The essential rule to follow when deciding how much financial disclosure to make can be summed up as follows:  to be considered full and frank, disclosure must be complete and adequate, and it must include not only assets and liabilities but also the contracting spouses’ respective incomes. One party’s failure to make full disclosure could easily be interpreted by a judge as a deliberate attempt to mislead the other spouse.

A New York state Petrakis decision is informative. Here, the judge tossed out a prenuptial agreement where a real estate mogul pressured his fiancée, to either sign a one-sided prenuptial agreement days before their wedding or he would cancel the wedding. He also told his fiancée that he would tear up the agreement as soon as they had children, which he then failed to do.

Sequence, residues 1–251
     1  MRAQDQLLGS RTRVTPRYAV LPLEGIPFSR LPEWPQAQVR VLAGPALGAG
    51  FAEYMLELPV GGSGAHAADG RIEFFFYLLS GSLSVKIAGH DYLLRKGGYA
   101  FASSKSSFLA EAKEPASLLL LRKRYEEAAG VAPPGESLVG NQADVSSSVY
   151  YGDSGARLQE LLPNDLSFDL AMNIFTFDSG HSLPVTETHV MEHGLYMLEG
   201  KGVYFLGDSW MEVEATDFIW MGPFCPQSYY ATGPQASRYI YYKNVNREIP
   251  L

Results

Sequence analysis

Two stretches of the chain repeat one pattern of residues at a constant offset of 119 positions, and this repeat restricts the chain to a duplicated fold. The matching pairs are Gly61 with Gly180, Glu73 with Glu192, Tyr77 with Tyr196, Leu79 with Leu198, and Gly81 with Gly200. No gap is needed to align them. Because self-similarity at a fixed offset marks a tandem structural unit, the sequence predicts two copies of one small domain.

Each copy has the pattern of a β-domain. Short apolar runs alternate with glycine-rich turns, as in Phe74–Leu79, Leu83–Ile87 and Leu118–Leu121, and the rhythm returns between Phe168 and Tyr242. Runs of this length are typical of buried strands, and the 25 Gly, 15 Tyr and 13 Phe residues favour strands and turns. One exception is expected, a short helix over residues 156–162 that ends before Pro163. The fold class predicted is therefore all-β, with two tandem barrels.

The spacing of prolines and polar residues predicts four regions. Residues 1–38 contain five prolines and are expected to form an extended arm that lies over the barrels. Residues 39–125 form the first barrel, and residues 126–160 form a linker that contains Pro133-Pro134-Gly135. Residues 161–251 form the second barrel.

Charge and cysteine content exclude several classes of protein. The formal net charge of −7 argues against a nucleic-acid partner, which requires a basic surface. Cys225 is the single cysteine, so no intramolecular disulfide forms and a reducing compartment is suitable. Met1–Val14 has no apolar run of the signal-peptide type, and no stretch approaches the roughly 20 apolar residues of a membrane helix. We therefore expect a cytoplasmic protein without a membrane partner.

As the cases across common law jurisdictions evidence, if you are entering into a marriage contract, be aware of complex nature of these agreement and err on the side of caution. If you are planning on signing a prenuptial agreement, it is wise to have one qualified family lawyer draft it and another to review it before signing and provide you with the best possible legal advice. Your marriage contract lawyer in Toronto or elsewhere in Canada should draft an agreement that will stand up to judicial scrutiny and thereby protect your assets. To do his or her job, your family lawyer will need your full cooperation.